Flesh Without Blood Without Redeeming Qualities

Author’s Note: I wrote this review in January for an exercise in writing about something  with a negative slant.


My first contact with Grimes was in stills from the 2013 MTV VMAs, wearing the same Versace pants as 2 Chainz. Here she was caught in the bane of a female star’s existence, wearing the same thing as someone else at an awards show. (A  man at an awards show?!)  And she rocked it with a great sense of humor and all the confidence of a killer outfit. In other words: this tiny blond girl is a boss. My second contact with Grimes was on Sirius radio, chatting with an all-girl band about the similarities of their music with a charming lisp. By then I was even more intrigued. Her song came on after the interview, and my excitement deflated. I had heard it before, I’d given it chances, and if I’d ever made it all the way through, I couldn’t remember it. By then I was accustomed to changing the channel once I heard the first chord.

“Flesh without Blood” is a four and a half minute synth pop trip that never manages to break the barrier between captivating and annoying. Every sound including the saturated vocals, the a cappella backup, the mechanical percussion, the synth fills, and the constant echoing of all these elements leans towards dream pop. However, this spacey ensemble is infiltrated by a relentless bass line with a quick, metronomic eighth-note attack and a similarly aggressive percussive rhythm (despite its pop space-junk timbre). The vocals are delicate, thin, and unnaturally high, delivering a bluntly ornamented sing-song melody. The floating and metronomic qualities of the song combine not only to make it feel endless, but to match the passing of that time with a relentless beat keeping track of exactly how long it’s taking. In effect, every time I hear this song, I’m waiting for it to be over.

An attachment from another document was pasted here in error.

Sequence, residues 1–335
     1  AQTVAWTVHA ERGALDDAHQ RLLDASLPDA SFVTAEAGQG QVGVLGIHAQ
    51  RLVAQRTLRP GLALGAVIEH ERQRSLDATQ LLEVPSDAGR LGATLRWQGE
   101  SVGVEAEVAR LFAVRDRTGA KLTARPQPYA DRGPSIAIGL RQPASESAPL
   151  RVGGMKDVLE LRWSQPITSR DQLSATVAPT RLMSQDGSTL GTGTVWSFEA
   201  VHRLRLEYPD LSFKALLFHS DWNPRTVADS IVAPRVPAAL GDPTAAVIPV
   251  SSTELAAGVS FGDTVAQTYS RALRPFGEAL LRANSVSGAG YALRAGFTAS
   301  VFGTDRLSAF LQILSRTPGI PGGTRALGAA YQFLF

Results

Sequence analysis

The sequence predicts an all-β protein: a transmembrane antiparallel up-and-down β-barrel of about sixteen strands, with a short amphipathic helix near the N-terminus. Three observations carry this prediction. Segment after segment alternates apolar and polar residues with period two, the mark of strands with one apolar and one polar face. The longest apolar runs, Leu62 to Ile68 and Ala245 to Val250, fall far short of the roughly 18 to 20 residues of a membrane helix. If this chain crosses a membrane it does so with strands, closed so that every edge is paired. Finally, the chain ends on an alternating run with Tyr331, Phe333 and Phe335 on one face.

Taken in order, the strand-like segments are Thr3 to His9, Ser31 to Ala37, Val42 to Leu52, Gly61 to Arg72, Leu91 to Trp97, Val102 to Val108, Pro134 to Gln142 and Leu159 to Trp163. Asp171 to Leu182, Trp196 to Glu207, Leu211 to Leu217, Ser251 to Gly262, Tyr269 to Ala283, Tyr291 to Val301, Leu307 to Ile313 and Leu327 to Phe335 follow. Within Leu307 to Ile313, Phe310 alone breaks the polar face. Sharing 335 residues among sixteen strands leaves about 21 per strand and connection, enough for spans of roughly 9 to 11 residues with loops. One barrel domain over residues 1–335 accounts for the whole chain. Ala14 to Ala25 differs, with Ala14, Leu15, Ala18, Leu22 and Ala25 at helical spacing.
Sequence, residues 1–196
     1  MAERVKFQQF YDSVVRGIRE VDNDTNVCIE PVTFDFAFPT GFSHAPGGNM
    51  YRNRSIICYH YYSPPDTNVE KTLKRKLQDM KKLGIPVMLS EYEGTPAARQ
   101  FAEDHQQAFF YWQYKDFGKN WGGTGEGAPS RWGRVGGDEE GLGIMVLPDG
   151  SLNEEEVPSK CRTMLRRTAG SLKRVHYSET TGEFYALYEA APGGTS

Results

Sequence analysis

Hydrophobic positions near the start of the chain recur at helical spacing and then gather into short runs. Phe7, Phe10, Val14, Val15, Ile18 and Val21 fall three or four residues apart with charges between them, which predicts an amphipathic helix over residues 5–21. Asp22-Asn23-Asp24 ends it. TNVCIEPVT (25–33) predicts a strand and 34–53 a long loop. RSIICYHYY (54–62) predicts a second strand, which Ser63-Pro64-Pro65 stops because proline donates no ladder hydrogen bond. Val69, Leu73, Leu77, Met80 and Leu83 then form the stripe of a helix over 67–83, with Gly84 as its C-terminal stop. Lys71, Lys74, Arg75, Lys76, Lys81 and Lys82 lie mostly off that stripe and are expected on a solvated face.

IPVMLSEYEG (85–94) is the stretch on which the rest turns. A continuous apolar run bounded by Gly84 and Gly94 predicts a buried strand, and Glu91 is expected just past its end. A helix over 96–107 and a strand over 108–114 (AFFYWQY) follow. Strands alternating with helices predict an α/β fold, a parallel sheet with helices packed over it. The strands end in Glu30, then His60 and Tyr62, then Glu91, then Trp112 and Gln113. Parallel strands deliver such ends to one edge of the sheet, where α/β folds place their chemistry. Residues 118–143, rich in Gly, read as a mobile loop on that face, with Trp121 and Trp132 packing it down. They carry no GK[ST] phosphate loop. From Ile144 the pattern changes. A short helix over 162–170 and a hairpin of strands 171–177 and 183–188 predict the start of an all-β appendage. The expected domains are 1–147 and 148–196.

Grimes is another (perhaps less extreme) embodiment of the aesthetic mastered by artists like Brooke Candy and Lady Gaga. I respect the aesthetic she’s going for. I would even go as far as to say that I love it. The idea of asserting oneself as feminine without submitting to traditional feminine values is beautiful. The demand to be heard despite a unconventional sound is admirable, and even timeless. But it needs to be phenomenal to really work. If her song is intolerable, it’s falling on deaf ears. The music video is similarly defiantly ornamented, if not more so, featuring Grimes and friends frolicking through a palace dressed in anachronistic costumes getting increasingly covered with blood. Even the outlandish music video feels unworthy of the time it takes to watch by completely desensitizing the viewer to its content. It doesn’t feel like Grimes has anything to deliver except to introduce herself as a non-conformist. The degree of sensationalism is unfortunately not bolstered with enough subtle artistry to push it over the edge from cult popularity to a universal hit.

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